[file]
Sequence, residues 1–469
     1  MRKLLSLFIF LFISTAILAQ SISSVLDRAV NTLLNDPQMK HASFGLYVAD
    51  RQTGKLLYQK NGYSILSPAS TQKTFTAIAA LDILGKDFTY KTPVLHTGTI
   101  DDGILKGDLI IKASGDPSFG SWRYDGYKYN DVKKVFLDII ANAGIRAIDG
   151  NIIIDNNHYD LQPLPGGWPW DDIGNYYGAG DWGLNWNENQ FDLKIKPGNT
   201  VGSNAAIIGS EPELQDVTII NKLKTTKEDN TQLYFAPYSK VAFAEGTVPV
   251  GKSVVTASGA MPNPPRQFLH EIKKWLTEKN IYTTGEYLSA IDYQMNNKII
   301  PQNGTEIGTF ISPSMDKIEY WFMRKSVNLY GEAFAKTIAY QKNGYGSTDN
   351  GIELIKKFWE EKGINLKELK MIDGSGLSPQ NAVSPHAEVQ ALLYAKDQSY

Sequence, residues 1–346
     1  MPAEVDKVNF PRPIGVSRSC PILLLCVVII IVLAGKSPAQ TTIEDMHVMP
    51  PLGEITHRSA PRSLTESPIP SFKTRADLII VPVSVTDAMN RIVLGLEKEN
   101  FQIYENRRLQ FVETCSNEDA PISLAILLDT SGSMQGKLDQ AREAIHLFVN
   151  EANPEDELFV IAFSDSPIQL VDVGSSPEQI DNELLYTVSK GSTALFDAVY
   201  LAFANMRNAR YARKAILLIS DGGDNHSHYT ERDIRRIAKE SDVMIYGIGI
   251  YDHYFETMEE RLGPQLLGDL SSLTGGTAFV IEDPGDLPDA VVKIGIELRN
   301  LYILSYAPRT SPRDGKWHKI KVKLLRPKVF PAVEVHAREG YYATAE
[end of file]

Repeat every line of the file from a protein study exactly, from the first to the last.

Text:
Sequence, residues 1–469
     1  MRKLLSLFIF LFISTAILAQ SISSVLDRAV NTLLNDPQMK HASFGLYVAD
    51  RQTGKLLYQK NGYSILSPAS TQKTFTAIAA LDILGKDFTY KTPVLHTGTI
   101  DDGILKGDLI IKASGDPSFG SWRYDGYKYN DVKKVFLDII ANAGIRAIDG
   151  NIIIDNNHYD LQPLPGGWPW DDIGNYYGAG DWGLNWNENQ FDLKIKPGNT
   201  VGSNAAIIGS EPELQDVTII NKLKTTKEDN TQLYFAPYSK VAFAEGTVPV
   251  GKSVVTASGA MPNPPRQFLH EIKKWLTEKN IYTTGEYLSA IDYQMNNKII
   301  PQNGTEIGTF ISPSMDKIEY WFMRKSVNLY GEAFAKTIAY QKNGYGSTDN
   351  GIELIKKFWE EKGINLKELK MIDGSGLSPQ NAVSPHAEVQ ALLYAKDQSY

Sequence, residues 1–346
     1  MPAEVDKVNF PRPIGVSRSC PILLLCVVII IVLAGKSPAQ TTIEDMHVMP
    51  PLGEITHRSA PRSLTESPIP SFKTRADLII VPVSVTDAMN RIVLGLEKEN
   101  FQIYENRRLQ FVETCSNEDA PISLAILLDT SGSMQGKLDQ AREAIHLFVN
   151  EANPEDELFV IAFSDSPIQL VDVGSSPEQI DNELLYTVSK GSTALFDAVY
   201  LAFANMRNAR YARKAILLIS DGGDNHSHYT ERDIRRIAKE SDVMIYGIGI
   251  YDHYFETMEE RLGPQLLGDL SSLTGGTAFV IEDPGDLPDA VVKIGIELRN
   301  LYILSYAPRT SPRDGKWHKI KVKLLRPKVF PAVEVHAREG YYATAE